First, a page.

Michael, one of the researchers, believes these snakes provide a good model for understanding animal migration in general.

•  Compare the snake migration described in this book

•  In order to successfully mate, the male has to find which

with animal migration of at least two different species. Make charts or presentations showing how they compare and contrast.

Houghton Mifflin Harcourt Books for Young Readers Visit www.sciencemeetsadventure.com for authors’ Adventure Notes, teacher resources, videos, and more!

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The Snake Scientist
By Sy Montgomery Photographs by Nic Bishop

•  Is there enough evidence in the book to compare mi-

gration patterns between different species? Present your case. If there is not enough evidence, what other evidence would the class need to see first? Does this evidence exist? Check with your school librarian (or public librarian) and prepare an annotated list of references.

One of the most interesting aspects of the Snake Scientist is the recognition of all the unsolved mysteries about the red-sided garter snake. On page 44, Montgomery lists six mysteries that have yet to be solved.

•  This activity guide explores ways to approach several

Common Core Connections RH.6-8.7. Integrate visual information (e.g., in charts, graphs, photographs, videos, or maps) with other information in print and digital texts. RI.6.7. Integrate information presented in different media or formats (e.g., visually, quantitatively) as well as in words to develop a coherent understanding of a topic or issue. W.6.7. Conduct short research projects to answer a question, drawing on several sources and refocusing the inquiry when appropriate. CCSS.ELA-Literacy.RI.6.8 Trace and evaluate the argument and specific claims in a text, distinguishing claims that are supported by reasons and evidence from claims that are not.

of these mysteries, but not all. Pick another one of these mysteries and predict ways to fit, as Bob Mason describes the process, the puzzle pieces together. that are not listed in the book. Explain why you don’t find the answer in the text.

•  Write down any other questions or unsolved mysteries

Common Core Connections CCSS.ELA-Literacy.WHST.6-8.9 Draw evidence from informational texts to support analysis reflection, and research. CCSS.ELA-Literacy.WHST.6-8.1b Support claim(s) with logical reasoning and relevant, accurate data and evidence that demonstrate an understanding of the topic or text, using credible sources. CCSS.ELA-Literacy.RI.6.3 Analyze in detail how a key individual, event, or idea is introduced, illustrated, and elaborated in a text (e.g., through examples or anecdotes). CCSS.ELA-Literacy.RI.6.8 Trace and evaluate the argument and specific claims in a text, distinguishing claims that are supported by reasons and evidence from claims that are not.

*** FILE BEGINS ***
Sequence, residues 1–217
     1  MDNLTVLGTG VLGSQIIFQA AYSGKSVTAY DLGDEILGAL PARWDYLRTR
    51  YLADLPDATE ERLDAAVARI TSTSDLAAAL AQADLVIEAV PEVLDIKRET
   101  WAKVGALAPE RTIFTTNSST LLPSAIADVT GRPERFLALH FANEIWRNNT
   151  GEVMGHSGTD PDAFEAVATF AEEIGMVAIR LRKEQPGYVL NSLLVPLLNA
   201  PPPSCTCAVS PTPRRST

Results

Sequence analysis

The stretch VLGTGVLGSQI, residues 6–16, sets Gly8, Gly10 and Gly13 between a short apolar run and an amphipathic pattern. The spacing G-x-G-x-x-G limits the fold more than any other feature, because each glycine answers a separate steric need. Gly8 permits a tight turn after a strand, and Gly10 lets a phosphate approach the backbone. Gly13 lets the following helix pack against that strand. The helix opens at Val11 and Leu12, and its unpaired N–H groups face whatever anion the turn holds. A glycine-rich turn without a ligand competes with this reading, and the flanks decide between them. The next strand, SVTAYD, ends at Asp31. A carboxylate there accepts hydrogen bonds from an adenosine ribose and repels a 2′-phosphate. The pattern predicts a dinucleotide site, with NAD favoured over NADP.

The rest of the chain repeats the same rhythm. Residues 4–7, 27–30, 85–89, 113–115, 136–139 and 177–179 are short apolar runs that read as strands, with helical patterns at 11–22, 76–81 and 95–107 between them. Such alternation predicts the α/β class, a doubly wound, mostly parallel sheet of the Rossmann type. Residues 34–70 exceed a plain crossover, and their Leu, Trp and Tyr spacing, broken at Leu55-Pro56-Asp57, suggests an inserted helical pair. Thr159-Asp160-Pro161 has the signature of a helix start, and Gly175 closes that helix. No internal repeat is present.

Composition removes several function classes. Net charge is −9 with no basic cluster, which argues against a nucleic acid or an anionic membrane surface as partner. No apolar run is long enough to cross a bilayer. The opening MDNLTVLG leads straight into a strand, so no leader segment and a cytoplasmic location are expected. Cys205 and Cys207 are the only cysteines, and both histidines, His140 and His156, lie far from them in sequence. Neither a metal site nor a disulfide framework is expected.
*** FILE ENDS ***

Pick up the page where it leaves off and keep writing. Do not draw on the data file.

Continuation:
While much of this book explores how scientists discovered, isolated, and then used snake pheromones to learn about snake behavior, the basic garter snake biology is scattered through the text.

•  Prepare an illustrated field guide page (patterned after,
say, a Peterson Field Guide) for the red-sided garter snake.

•  Prepare several more pages for other snakes of note

Other Websites to Explore Red-Sided Garter Snake Fact Sheet www.gov.mb.ca/conservation/wildlife/mbsp/fs/rsgarter.html Information on the Red-Sided Garter Snake and the Narcisse Snake Dens from Manitoba Provincial Government. Common Garter Snake extension.oregonstate.edu/catalog/pdf/ec/ec1602.pdf (Information on the common garter snake from Oregon State University.) Identifying Snakes: A How to Guide www.wildernesscollege.com/identify-snakes.html (A well-done site on the basic element of snake identification from Alderleaf Wilderness College.)

(especially any snakes that are commonly found near the school).

Common Core Connections RH.6-8.7. Integrate visual information (e.g., in charts, graphs, photographs, videos, or maps) with other information in print and digital texts. RI.6.7. Integrate information presented in different media or formats (e.g., visually, quantitatively) as well as in words to develop a coherent understanding of a topic or issue. W.6.7. Conduct short research projects to answer a question, drawing on several sources and refocusing the inquiry when appropriate.

Houghton Mifflin Harcourt Books for Young Readers Visit www.sciencemeetsadventure.com for authors’ Adventure Notes, teacher resources, videos, and more!

D i s c u s s i o n

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G u i d e

The Snake Scientist
By Sy Montgomery Photographs by Nic Bishop

KidZone Fact Sheet on Snakes www.kidzone.ws/lw/snakes/facts.htm (For younger students, this site provides excellent information on snakes as well as activities, worksheets, puzzles, and word searches.) Further Reading Bishop, Nic. Snakes. Scholastic, 2012. Blobaum, Cindy. Awesome Snake Science: 40 Activities for Learning About Snakes. Chicago Review Press, 2012. Mattison, Christopher. Snake. Dorling Kindersley, 2006.

Guide created by: Ed Spicer, Curriculum Consultant, and Lynn Rutan, retired middle school librarian, now reviewer and blogger at Bookends: the Booklist Youth Blog

Houghton Mifflin Harcourt Books for Young Readers Visit www.sciencemeetsadventure.com for authors’ Adventure Notes, teacher resources, videos, and more!